A fault domain represents the amount of capacity we can lose without causing larger problems. We selected our fault domain based on the physical and logical design of our data center, and by considering the most common types of failures we see in our infra. Each data center comprises dozens of these fault domains.
To safeguard against the loss of a fault domain, which affects only a small portion of capacity in a data center, we need to purchase and maintain enough buffer capacity to cover what we lose. If we have enough, the loss of a fault domain simply means affected workloads would move to run on the buffer capacity. We would no longer need to redirect traffic out of the entire data center for sub-data center faults.
How much buffer we need depends on how our workloads are placed within a data center. Different workloads have different hardware needs. Some require high-compute machines, while others may need high-storage or high-memory machines. This heterogeneity means we would need to purchase more buffer capacity if hardware and services were not well spread out across fault domains.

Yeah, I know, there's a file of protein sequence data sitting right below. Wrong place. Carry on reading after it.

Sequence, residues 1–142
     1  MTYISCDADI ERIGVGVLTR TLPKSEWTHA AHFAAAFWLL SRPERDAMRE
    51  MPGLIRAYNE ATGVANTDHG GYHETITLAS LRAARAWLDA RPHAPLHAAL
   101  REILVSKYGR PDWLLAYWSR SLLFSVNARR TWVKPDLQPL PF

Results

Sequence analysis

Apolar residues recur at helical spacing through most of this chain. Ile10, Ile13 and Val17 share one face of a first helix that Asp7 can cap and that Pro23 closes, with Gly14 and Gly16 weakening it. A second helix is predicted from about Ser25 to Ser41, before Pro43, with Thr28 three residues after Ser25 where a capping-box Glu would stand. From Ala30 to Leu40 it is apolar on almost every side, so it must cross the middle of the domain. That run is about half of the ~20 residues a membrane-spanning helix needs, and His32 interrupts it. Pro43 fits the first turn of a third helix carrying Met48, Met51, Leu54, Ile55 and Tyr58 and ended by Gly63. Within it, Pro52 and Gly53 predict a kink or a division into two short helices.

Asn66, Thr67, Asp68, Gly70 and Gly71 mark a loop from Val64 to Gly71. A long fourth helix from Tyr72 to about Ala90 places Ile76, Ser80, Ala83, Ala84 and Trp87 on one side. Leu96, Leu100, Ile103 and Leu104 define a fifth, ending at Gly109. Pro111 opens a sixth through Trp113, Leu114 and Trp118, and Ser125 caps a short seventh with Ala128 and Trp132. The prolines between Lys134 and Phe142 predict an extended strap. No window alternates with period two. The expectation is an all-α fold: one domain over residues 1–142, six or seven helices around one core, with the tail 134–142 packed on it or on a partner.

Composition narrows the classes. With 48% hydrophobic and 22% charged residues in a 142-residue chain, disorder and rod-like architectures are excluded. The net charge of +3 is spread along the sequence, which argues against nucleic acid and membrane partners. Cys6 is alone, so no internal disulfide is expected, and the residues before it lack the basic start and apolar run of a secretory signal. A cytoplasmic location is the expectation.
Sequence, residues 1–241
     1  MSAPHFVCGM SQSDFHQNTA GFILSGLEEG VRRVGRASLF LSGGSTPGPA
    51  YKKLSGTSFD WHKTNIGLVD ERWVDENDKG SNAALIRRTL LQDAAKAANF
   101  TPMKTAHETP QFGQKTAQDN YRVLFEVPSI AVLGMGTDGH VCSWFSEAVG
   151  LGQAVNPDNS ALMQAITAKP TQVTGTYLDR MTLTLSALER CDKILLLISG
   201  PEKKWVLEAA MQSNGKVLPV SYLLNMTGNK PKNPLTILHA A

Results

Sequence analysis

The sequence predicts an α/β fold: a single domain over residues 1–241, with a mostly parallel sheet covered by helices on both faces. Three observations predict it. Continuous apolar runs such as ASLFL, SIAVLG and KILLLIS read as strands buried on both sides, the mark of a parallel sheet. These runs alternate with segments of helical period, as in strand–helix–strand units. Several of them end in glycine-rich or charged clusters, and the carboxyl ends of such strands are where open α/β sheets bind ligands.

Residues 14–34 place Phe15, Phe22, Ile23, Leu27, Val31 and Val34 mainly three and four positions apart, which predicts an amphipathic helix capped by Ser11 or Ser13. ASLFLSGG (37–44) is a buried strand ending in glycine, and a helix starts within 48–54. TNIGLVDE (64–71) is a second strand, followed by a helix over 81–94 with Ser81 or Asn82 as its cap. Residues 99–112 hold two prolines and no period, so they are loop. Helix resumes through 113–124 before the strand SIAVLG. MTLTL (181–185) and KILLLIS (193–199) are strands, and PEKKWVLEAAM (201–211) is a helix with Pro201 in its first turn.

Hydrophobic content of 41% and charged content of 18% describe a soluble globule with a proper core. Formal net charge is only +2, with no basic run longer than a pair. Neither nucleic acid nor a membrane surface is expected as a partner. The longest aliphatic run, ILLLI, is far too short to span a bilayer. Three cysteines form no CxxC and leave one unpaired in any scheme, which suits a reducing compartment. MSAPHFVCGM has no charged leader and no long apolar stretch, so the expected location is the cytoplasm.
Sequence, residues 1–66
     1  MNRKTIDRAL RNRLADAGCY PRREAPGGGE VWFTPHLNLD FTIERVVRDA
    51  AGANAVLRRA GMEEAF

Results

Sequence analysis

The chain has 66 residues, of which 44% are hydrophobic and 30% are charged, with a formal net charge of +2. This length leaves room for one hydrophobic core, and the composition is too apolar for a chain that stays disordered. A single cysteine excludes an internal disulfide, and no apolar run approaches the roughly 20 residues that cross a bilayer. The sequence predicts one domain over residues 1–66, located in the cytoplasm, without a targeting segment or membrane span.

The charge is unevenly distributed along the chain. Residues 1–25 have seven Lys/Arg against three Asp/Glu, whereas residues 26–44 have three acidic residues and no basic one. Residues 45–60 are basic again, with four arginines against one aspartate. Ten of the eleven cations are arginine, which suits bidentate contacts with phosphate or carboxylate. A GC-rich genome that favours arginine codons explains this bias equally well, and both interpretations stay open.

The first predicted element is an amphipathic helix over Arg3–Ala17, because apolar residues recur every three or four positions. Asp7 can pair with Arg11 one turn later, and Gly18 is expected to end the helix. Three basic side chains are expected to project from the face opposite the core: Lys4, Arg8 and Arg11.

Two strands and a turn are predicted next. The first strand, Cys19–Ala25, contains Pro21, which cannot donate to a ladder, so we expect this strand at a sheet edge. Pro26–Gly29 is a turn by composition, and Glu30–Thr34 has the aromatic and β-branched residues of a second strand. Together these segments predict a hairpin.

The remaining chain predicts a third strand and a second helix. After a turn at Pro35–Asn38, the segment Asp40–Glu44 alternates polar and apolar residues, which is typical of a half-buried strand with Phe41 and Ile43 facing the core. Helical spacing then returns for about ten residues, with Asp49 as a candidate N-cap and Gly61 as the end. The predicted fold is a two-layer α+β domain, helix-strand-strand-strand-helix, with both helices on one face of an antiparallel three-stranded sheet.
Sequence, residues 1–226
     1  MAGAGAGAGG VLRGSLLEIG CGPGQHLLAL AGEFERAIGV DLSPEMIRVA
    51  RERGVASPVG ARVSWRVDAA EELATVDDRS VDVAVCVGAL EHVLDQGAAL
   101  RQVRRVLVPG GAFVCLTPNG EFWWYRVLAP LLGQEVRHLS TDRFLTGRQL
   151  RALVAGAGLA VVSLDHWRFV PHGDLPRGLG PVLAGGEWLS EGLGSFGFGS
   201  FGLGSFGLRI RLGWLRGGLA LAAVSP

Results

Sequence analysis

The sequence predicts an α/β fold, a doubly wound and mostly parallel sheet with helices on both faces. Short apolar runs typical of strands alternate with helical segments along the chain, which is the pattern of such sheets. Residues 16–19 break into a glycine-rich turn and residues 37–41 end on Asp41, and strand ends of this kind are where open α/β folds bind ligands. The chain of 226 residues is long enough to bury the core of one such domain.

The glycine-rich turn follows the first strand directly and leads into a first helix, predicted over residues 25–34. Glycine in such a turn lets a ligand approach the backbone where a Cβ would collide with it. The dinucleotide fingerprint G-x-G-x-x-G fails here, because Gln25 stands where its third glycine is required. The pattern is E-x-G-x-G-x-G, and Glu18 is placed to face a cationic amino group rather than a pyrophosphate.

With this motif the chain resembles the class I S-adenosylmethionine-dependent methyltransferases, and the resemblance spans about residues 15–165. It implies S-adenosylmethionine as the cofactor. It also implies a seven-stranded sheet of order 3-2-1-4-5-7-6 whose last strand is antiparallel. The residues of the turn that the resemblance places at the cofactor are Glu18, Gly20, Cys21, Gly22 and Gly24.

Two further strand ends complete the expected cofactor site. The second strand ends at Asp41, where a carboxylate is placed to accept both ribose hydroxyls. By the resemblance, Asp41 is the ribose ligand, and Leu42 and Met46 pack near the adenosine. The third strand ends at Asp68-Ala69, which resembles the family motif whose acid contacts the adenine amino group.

Optimal workload placement
Imagine the following simplified scenario, where we have three different types of hardware across three fault domains. If the hardware is not spread evenly across all fault domains, as in the image below, we would need to maintain 150 machines as a buffer.
However, when we spread the same amount of hardware evenly across all fault domains, we need only 100 machines as a buffer, as shown below:
To keep buffer usage down in this way, we needed to ensure optimal placement and spread of our workloads across all fault domains. We must solve for this placement at multiple levels of our infrastructure stack and provide certain guarantees:
- Hardware must be well placed to give services enough flexibility to achieve good spread.